What makes this cost control different from all other cost controls?
One of the difficulties conservatives had opposing the Affordable Care Act was that the program was projected to cut the deficit. They got around this by denying the projections: The cuts might pass CBO's muster, they said, but they'd never be implemented. Congress would roll them back the moment an angry senior sent an intemperate letter. And they weren't starting till 2018, which is proof that Democrats never intended to implement them.
On the bright side, conservatives have now found a better way: "If the left embraces the Domenici-Rivlin approach to Medicare, I'll dance in the streets," Reihan Salam writes. For those who don't know, Reihan is an excellent dancer (not to mention freestyle lyricist), and so this is an attractive prospect. But if you look hard at Domenici-Rivlin, it's hard to see what makes him so happy.
In the short term, it lifts Medicare Part B premiums from 25 percent of the program's costs to 35 percent of the program's costs. In the longer-term -- which is to say, uh, 2018 -- Medicare's spending gets a modified cap: If it grows by more than GDP+1 percent, beneficiaries have to pay the difference or move into a private plan. The only way a private plan would be cheaper, however, is if it covered much less,* as Medicare is about 20 percent cheaper than private insurance because of its massive bargaining power. So seniors will be faced with the option to pay a lot more or get a lot less.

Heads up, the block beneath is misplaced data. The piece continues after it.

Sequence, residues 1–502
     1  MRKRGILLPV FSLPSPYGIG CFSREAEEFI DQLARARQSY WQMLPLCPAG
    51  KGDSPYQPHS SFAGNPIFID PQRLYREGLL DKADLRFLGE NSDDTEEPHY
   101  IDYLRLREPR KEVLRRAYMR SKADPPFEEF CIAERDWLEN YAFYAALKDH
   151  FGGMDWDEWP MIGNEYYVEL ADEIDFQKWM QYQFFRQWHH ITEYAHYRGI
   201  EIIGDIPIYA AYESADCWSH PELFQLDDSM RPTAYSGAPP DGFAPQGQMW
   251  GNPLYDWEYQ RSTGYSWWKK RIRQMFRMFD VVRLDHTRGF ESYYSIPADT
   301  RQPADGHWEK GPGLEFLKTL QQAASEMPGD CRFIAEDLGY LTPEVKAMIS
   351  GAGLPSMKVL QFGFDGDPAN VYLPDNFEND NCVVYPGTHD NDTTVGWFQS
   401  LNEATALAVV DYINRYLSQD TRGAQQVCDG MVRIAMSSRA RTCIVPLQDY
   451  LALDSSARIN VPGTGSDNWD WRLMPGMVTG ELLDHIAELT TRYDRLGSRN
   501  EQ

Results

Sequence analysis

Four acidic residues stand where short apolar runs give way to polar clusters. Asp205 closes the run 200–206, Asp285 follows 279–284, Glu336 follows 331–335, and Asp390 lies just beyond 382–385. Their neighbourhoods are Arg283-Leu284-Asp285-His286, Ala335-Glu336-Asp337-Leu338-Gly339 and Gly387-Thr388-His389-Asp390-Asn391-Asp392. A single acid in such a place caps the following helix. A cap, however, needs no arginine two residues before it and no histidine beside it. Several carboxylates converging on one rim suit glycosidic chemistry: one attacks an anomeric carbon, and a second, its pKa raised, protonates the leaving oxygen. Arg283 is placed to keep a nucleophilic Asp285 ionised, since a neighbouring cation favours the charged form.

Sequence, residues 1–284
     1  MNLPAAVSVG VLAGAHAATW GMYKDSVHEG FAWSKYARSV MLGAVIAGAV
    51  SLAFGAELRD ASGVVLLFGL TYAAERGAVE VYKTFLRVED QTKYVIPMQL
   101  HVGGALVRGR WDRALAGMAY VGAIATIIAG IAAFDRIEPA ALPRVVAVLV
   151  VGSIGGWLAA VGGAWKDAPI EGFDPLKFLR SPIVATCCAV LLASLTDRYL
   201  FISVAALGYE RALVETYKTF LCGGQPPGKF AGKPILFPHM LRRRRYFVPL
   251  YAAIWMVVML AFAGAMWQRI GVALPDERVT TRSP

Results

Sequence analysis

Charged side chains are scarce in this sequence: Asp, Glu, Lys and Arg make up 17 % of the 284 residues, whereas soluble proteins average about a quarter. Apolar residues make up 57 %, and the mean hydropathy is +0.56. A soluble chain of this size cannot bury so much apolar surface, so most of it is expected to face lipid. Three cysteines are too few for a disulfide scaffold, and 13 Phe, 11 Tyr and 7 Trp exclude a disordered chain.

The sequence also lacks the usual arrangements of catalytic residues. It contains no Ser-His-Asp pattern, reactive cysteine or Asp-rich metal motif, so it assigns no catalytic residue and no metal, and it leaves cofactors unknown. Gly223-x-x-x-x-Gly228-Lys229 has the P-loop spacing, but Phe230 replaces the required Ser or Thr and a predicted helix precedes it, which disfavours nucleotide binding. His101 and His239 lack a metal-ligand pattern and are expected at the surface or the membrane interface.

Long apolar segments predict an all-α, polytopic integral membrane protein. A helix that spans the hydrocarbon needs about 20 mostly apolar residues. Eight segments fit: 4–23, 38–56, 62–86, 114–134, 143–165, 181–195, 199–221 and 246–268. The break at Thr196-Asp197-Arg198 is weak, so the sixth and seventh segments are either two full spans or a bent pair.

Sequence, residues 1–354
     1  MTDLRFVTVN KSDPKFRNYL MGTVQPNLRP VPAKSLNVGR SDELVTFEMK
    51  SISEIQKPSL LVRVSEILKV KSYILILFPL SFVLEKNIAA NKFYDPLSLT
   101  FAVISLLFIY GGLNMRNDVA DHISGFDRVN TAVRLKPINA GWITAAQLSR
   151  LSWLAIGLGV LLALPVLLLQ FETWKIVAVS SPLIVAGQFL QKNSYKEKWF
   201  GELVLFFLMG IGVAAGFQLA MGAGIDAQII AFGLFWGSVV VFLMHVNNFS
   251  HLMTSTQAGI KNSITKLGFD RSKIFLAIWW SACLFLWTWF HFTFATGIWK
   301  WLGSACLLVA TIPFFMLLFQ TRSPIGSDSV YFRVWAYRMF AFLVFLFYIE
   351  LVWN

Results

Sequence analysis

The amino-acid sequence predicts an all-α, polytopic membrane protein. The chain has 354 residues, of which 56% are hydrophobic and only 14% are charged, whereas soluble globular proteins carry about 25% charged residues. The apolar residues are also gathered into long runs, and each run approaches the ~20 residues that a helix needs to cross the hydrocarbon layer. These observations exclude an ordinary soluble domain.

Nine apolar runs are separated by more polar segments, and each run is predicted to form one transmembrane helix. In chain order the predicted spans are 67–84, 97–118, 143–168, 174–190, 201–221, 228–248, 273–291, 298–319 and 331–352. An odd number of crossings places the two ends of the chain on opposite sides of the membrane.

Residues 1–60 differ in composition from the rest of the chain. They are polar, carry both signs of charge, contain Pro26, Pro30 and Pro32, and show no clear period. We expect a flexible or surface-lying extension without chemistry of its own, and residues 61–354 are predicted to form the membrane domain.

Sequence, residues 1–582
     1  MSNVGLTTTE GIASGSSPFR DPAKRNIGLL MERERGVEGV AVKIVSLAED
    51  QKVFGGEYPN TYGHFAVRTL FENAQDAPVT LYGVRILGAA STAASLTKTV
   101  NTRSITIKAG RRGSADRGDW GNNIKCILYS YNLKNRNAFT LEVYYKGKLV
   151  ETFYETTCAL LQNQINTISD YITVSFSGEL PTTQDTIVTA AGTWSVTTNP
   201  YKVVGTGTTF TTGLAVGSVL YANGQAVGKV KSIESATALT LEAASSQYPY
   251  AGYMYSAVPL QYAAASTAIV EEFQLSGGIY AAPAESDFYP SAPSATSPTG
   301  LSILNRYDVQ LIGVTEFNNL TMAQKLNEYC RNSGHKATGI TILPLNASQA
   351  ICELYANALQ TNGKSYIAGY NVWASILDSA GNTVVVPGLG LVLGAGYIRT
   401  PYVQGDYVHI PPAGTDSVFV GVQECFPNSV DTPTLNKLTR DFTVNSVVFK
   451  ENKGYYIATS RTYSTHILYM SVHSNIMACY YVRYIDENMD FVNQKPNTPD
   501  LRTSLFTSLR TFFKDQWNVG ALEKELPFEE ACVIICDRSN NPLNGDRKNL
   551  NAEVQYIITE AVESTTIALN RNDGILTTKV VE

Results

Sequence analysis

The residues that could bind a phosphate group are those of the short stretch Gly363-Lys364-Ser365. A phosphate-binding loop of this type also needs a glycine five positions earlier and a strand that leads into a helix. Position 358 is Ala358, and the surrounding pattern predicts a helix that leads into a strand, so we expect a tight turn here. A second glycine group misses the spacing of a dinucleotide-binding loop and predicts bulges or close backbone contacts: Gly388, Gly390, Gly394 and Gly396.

That's a credible way to cut costs. But it's vastly more aggressive than anything in the Affordable Care Act. So here's my question: What's the theory of American politics by which Domenici-Rivlin can be implemented, but the much milder cost controls in PPACA cannot be?
*It's also possible that the exchanges will drive down the costs of insurance so aggressively that we'll get much more care for much less money. As the Domenici-Rivlin plan says, "The expectation is that increased competition among plans fostered by the
Medicare Exchange, and increased beneficiary interest in these plans, will keep costs from rising rapidly and result in higher quality, more cost-effective health care." But if conservatives believe that, they should also believe that PPACA is vastly understating its projected savings.
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